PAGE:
There’s a short circle in our house. You wouldn’t notice it the first time you stopped by, but after a couple of visits, you might notice it’s presence. Its formed by something I’m learning about myself from my kids’ behavior. Of course, it’s a circle because they first learned the behavior from me. And if I don’t stop the behavior myself we’ll end up wearing it into a groove so deep it’ll become a rut.

The circle is called the blame game.

In case you’re unfamiliar with the rules, it works like this: you do something wrong and when confronted about it, you simply blame someone else. It’s really fairly easy. Often, you choose the person who’s in the closest proximity to you and while the unsuspecting individual is left fending for themselves you try to slip away. It’s the ultimate diversion tactic.

It’s a circle for another reason, too. Usually what ends up happening is that everyone present just points fingers at each other. The brother blames the sister who in turn blames the brother and when that doesn’t work she blames the dog. You get the idea and you’ve probably seen this played before.

Now, to be fair, this game is played a lot more frequently by my kids than it is by me. (Do you see what I did there?)

Our kids learn a lot from us. And if there’s one poor behavior that doesn’t have to be taught, it’s blaming someone else for our own faults. Blaming others has been around nearly as long as there has been someone to blame.

You know the story: Eve ate the forbidden fruit (from the Tree of the Knowledge of Good and Evil) and then gave it to Adam who also ate. When God confronted Adam about this, Adam blamed Eve and Eve, in turn, blamed the serpent. And so the game began.

Of course it isn’t a game at all. That’s just one of our ways of trying to rationalize it. Maybe we call it that because you’ve got to be quick on your feet to implicate another person before they suspect it—the slyest fox wins. Regardless, we’ve damaged many relationships by not admitting our faults. People get hurt when we try to divert the blame on to them.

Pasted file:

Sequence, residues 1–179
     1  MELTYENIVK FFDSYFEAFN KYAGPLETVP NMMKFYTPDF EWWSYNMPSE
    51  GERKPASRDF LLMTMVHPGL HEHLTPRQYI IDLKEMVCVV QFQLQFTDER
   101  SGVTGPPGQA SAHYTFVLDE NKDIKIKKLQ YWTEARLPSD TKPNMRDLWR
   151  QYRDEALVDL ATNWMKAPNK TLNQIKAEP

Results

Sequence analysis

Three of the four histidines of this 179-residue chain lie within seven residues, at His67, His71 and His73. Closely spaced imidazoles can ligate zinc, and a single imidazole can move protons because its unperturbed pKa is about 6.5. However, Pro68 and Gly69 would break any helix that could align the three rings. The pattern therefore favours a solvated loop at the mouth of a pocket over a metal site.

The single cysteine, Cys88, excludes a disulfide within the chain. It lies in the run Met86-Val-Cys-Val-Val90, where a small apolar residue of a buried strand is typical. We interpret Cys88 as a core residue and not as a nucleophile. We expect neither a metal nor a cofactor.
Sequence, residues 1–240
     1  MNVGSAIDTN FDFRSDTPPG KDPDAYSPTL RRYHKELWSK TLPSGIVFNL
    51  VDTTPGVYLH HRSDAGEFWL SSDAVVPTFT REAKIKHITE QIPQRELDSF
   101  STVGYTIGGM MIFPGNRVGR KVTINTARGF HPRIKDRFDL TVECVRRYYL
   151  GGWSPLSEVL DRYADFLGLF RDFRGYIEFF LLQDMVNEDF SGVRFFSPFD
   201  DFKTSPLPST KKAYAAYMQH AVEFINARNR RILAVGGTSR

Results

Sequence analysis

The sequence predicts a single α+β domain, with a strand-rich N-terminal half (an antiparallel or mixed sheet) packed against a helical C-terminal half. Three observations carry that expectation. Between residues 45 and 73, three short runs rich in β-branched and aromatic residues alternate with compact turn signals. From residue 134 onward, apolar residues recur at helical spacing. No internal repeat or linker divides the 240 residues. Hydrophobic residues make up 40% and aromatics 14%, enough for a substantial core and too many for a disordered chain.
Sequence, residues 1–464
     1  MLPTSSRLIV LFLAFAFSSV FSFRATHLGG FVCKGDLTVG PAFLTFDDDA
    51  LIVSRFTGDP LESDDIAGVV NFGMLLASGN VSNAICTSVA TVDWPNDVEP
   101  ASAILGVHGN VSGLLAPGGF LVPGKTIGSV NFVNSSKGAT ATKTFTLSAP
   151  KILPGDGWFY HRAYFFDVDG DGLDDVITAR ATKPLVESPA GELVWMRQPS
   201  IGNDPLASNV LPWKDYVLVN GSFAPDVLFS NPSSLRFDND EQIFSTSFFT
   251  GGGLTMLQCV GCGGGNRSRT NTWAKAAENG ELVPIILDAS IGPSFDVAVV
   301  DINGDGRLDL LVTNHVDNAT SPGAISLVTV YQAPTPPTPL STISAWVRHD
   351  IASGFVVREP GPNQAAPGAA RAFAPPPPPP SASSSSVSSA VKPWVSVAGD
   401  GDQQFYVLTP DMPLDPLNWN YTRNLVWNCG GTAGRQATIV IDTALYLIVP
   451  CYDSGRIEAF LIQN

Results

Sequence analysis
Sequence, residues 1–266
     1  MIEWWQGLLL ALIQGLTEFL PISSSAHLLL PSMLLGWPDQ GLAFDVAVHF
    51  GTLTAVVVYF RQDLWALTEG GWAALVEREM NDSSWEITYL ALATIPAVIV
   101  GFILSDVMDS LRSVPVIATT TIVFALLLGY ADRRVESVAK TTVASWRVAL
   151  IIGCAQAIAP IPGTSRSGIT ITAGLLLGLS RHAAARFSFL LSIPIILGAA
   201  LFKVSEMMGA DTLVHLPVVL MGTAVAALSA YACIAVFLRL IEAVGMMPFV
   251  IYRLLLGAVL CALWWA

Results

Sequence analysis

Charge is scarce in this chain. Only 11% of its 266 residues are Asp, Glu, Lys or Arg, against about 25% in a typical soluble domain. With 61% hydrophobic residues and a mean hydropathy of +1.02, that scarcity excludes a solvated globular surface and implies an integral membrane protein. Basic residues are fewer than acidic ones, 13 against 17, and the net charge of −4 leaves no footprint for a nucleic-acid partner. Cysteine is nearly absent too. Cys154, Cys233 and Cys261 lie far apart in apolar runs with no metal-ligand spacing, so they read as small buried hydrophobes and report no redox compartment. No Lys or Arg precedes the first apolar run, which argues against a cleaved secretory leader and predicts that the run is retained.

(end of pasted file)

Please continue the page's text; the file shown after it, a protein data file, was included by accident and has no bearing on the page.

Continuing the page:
One of the major problems with this game is that if you keep playing, it doesn’t end. If I blame you, you may in turn try to blame me, or whomever else might be a worthy scapegoat. Down the line it’s going to come back to haunt us both because that other individual is likely going to bear a grudge for having to deal with our throwing them under the bus.

The only way to stop the game is by quitting. That is, somebody has to decide not to shift the blame onto another person and instead own up to their own wrongdoing. But this is hard to do, especially when that seems counterintuitive to a game that we’ve been playing so long that we’ve forgotten where and when we first learned the rules.

But this is where grace comes in.

Grace doesn’t just step in and say everything’s okay and that nobody has to confess anything and there aren’t going to be any consequences. No, when grace enters in it is accompanied by the truth. And in this way, it is most clearly the gospel.

We play this game because we’re afraid of the consequences for our actions: they are far greater than we are willing or capable of bearing. But the gospel, good news if there ever was any, says that we are fully at fault and fully accountable. This is the truth and though we try to shift the blame, it stills falls directly on us. The diversion only works as a temporary distraction to ourselves, but it has no way of altering the truth.

But the gospel does not stop here. In grace we hear the full truth: that there is one who stopped the game by willingly taking our blame upon himself. Jesus knew we were at fault, but insisted on bearing the consequences that should’ve fallen on us.

There’s a model here for us to follow. But not a model only—it is also the means by which we are able to break the circle. And so we need to just stop playing this game. We need to give up the charade that we have done nothing wrong. We need to humble ourselves and take full responsibility. In doing so we will both see that we are unable to bear the full burden and that we don’t have to. There is one who has taken our blame and shame upon himself and offered us forgiveness and grace instead.